Country & Coast: Wildlife decimation at the claws of former captives

An American mink
An American mink
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IT’S ALWAYS exciting to catch a glimpse - however fleeting - of a rarely seen mammal, but on this occasion my immediate thought was “Oh no”.

The animal ran across one of the busiest roads in West Yorkshire, a stone’s throw from a wooded stretch of the River Aire and just upstream from a local nature reserve, and instantly I began to imagine the carnage it must be wreaking on populations of other wildlife, especially birds and smaller mammals.

This was actually the very first living American mink I have encountered, having previously seen only dead ones after they had been trapped and humanely killed in East Yorkshire, eradicated because feral mink are known to be among the most destructive creatures in the English countryside.

Its sleek dark chocolate brown fur is why the semi-aquatic mammal was introduced from North America back in 1929, and by the 1950s there were around 700 fur farms in the UK; around 10 per cent of which were in Yorkshire. However, the mink is nothing if not a cunning survivor and many of them managed to escape from captivity.

Two more factors increased their numbers in the wild. Firstly, the emergence of animal rights activists in the 1970s led to attacks on mink farms and the well-meaning release of their stocks. Secondly, the collapse of prices for the mink’s pelt - as wearing fur went out of fashion - meant that farms became financially unviable, and when they closed down some owners simply gave freedom to their remaining animals.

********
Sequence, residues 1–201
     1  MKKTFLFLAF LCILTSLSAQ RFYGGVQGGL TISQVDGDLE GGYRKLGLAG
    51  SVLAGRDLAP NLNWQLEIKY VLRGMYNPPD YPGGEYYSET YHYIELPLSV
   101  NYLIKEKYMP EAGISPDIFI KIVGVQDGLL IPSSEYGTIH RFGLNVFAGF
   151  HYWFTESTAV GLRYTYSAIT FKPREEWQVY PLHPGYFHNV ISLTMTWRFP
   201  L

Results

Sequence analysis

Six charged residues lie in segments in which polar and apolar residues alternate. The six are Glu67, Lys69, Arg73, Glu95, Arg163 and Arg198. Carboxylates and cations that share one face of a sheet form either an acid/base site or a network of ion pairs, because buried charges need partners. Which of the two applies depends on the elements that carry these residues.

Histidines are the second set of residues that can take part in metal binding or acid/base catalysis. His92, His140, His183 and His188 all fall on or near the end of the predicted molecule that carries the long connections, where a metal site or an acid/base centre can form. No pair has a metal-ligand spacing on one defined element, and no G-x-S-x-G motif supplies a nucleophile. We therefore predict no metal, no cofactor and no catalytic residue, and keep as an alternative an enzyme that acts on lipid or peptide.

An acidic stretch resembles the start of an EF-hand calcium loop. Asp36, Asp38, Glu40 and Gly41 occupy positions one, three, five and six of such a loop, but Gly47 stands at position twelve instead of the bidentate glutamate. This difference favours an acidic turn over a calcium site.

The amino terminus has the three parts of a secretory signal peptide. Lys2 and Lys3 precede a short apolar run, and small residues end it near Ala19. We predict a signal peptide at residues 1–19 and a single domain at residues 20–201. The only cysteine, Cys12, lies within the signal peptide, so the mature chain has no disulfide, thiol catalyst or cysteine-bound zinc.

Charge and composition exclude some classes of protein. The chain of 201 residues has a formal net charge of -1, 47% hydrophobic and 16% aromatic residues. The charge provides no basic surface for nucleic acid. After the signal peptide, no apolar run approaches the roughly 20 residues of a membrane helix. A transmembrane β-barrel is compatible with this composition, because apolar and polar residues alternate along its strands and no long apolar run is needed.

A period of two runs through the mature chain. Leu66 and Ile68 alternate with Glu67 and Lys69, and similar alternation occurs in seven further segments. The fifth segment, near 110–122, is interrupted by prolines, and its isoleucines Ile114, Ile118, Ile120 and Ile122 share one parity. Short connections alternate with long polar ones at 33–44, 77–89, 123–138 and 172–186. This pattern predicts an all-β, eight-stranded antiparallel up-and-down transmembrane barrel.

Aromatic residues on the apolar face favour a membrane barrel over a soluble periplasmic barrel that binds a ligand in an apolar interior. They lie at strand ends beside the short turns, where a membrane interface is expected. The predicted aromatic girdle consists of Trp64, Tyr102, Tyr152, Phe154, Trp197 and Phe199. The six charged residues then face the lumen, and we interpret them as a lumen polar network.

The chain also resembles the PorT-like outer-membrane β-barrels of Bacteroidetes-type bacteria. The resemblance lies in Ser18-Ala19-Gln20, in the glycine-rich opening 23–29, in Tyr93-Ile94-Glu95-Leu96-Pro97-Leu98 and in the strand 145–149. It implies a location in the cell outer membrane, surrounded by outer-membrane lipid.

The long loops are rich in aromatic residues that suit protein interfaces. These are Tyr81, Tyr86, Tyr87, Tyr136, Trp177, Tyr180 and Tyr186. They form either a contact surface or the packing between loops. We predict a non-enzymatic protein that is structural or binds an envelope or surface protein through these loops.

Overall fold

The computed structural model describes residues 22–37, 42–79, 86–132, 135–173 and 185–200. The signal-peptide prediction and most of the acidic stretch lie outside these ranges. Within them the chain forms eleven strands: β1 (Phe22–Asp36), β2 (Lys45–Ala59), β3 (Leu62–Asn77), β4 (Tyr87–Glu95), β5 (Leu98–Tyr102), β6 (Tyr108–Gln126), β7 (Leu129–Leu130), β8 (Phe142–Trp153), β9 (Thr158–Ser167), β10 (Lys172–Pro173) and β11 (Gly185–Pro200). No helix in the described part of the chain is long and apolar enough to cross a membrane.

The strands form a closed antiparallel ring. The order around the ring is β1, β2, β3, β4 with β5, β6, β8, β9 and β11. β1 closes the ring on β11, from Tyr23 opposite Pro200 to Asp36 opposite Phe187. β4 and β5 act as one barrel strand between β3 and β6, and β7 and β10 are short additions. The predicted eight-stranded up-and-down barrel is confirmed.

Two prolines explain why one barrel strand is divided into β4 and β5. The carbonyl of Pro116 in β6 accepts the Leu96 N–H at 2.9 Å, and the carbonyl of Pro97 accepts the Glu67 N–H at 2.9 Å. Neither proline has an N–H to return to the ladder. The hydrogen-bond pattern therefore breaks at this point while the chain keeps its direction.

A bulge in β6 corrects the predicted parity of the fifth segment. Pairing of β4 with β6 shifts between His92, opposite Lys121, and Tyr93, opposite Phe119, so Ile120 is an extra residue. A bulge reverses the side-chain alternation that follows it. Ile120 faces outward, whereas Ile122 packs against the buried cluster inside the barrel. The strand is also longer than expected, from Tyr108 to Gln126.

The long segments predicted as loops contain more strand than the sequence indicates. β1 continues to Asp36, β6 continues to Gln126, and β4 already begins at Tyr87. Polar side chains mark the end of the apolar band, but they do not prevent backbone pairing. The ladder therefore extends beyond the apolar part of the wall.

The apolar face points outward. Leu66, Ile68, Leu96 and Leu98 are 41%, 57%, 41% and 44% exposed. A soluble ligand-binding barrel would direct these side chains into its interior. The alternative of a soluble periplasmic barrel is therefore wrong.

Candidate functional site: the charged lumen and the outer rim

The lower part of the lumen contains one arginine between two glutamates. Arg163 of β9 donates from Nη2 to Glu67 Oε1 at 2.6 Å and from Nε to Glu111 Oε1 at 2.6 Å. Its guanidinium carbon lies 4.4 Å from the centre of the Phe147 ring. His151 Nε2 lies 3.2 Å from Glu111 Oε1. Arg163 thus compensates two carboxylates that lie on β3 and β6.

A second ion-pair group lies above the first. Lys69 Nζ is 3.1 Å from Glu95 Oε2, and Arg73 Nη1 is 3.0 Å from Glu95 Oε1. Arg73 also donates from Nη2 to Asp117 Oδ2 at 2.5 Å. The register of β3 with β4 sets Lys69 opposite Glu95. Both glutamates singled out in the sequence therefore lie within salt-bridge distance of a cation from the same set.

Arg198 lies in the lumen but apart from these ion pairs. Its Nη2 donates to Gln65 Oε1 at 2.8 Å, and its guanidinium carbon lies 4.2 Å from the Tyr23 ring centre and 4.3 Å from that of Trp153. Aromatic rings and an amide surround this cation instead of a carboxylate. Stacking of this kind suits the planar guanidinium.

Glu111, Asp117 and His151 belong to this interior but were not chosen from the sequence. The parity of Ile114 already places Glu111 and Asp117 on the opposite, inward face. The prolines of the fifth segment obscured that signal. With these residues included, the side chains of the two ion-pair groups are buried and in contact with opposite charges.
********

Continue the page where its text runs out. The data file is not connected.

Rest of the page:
American mink do not pick and choose their prey, but are known to kill everything from moorhens and coots to rabbits and rats. However, in East and South Yorkshire they are particularly associated with the decimation of the extremely threatened and undeniably cute water vole.

Three former mink farms near Hull are said to have left a major problem in the vast network of drainage ditches which separate fields in Holderness, where one female mink - small enough to enter vole burrows - is quite capable of wiping out a ditch’s entire population in just one hour.

Five years ago there was an ambitious plan backed with multi-million pound funding from the EU to exterminate the UK’s feral mink once and for all, but the scale of the issue was under-estimated.

Earlier this year, Yorkshire Water admitted that the problem around its nature reserve at Tophill Low was worse than 10 years ago and began giving so-called “mink rafts” - special floating traps - to neighbouring landowners.

It’s not only in farmland and riverbanks that feral mink occur. They have caused havoc among ground nesting birds like lapwing, curlew and mallard around Malham Tarn, and feasted on trout at fish farms in the Dales and Pennines.

It is between now and late September that we are likely to see mink in the open. This is when the young go off in search of their own territories.

For the wildlife of some of the region’s riverbanks, it will be a grim time.